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February 20, 2015

Here's What's Wrong with the 'Good' Deflation Argument

Here's What's Wrong with the 'Good' Deflation Argument

By Elliott Wave International


EW Editor's note: This article was adapted, with permission, from the February issue of The Elliott Wave Financial Forecast, a publication of Elliott Wave International, the world's largest market forecasting firm. All data is as of Jan. 30, 2015. Click here to read the complete version of this article, including specific near-term forecasts, 100% free.


Deflation is a decline in the supply of money and credit relative to goods and services in an economy.
History shows us that the most important deflationary episodes are invariably accompanied by comparable declines in equity, factory and retail prices.

The most pronounced deflations in U.S. history occurred during the Supercycle-degree declines that began in 1835 and 1929. The 2000-2002 stock market decline coincided with the steepest fall in year-over-year CPI since 1964. The 2007-2009 bear market featured outright negative readings in year-over-year CPI, the biggest contraction since 1949.

As we noted The Elliott Wave Financial Forecast last month, this time around, wholesale and consumer prices are already approaching outright declines; this weakness confirms the potential for a bear market that is bigger than that of 2007-2009.

With the major stock indexes still near their all-time highs, indicating that optimism is still the reigning attitude, pundits are proclaiming the potential benefits of deflation.

"It's like we've had a big tax cut," says an Oxford economist. The same economist coined the term "Joyflation" to "describe the combination of the oil-driven slowdown in inflation and accelerating economic growth."

Another headline generated by a formerly bearish economist says low oil prices "Could Be Market 'Nirvana.'"

Over the course of 2014, we charted this attitude's emergence. These more recent headlines capture the progression nicely:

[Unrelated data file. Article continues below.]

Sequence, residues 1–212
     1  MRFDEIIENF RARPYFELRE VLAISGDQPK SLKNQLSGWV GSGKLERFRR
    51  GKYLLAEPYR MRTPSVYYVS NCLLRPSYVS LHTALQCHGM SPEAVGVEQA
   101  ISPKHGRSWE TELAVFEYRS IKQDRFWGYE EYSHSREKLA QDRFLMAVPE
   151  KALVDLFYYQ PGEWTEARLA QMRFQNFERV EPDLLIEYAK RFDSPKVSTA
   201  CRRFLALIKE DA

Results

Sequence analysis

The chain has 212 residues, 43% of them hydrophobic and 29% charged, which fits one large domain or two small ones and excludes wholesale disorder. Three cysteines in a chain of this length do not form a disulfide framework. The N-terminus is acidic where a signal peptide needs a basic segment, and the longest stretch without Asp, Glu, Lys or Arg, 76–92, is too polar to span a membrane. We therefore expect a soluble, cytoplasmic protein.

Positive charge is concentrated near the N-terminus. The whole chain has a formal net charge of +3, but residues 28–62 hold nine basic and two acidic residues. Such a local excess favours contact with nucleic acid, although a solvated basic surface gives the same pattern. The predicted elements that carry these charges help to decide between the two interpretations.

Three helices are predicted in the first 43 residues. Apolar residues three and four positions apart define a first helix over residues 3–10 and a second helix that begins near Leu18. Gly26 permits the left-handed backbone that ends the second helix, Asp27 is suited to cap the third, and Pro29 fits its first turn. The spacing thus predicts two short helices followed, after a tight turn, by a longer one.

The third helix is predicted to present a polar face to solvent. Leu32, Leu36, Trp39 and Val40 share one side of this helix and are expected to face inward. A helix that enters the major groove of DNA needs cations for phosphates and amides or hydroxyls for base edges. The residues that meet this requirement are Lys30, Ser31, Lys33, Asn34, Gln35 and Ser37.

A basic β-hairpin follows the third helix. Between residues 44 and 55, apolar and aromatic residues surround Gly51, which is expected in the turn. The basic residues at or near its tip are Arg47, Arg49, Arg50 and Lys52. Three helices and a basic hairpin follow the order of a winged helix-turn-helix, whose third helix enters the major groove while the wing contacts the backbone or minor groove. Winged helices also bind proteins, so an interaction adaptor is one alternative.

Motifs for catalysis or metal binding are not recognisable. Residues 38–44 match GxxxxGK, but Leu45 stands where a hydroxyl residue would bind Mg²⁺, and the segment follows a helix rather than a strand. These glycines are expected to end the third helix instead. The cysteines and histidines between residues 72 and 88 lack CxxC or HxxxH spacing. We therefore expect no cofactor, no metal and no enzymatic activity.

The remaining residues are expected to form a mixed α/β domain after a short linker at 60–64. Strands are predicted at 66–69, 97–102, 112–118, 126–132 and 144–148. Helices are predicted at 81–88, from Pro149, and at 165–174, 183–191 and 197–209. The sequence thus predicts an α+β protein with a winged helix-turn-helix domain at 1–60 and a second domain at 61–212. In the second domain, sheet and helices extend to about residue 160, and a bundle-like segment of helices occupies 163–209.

Deflation Hits The Eurozone
- BBC, January 7, 2015
Asia Staring At Deflation
- Bloomberg, January 13, 2015
The U.S. Welcomes the Good Kind of Deflation
- Business Week, January 22, 2015

With "employers showing more confidence than they have since the Great Recession," the Associated Press concluded that the economy in 2015 is on track for "the fastest growth in a decade."
Consumers are happy, too.

On Jan. 28, the Conference Board's Consumer Confidence Index rose "to its strongest level since mid-2007 due to falling gasoline prices." The surge to 102.9 is the highest reading since August 2007, which was one month after the Dow Jones Composite index peaked that year and two months from the associated peak in the Dow Industrials. During the ensuing bear market wave of 2007-2009, consumer confidence fell with stocks to a 50-year low of just 25.3 in February 2009.

Click here to continue reading the complete version of the article as part of a lengthy excerpt from the newest issue -- including specific market forecasts, fully labeled charts and more -- 100% free.

This article was syndicated by Elliott Wave International and was originally published under the headline Here's What's Wrong with the 'Good' Deflation Argument. EWI is the world's largest market forecasting firm. Its staff of full-time analysts led by Chartered Market Technician Robert Prechter provides 24-hour-a-day market analysis to institutional and private investors around the world.

The views and opinions expressed herein are the author's own, and do not necessarily reflect those of EconMatters.

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